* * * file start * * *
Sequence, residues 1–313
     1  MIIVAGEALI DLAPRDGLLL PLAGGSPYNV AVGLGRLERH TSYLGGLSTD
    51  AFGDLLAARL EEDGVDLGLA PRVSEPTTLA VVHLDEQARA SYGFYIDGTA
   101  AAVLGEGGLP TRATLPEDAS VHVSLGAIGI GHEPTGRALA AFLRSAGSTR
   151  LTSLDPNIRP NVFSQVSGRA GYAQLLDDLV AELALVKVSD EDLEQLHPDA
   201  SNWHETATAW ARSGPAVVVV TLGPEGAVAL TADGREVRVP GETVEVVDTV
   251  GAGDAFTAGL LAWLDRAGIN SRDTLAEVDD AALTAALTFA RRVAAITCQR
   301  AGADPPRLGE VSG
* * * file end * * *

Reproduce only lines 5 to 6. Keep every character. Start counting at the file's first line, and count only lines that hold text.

   151  LTSLDPNIRP NVFSQVSGRA GYAQLLDDLV AELALVKVSD EDLEQLHPDA
   201  SNWHETATAW ARSGPAVVVV TLGPEGAVAL TADGREVRVP GETVEVVDTV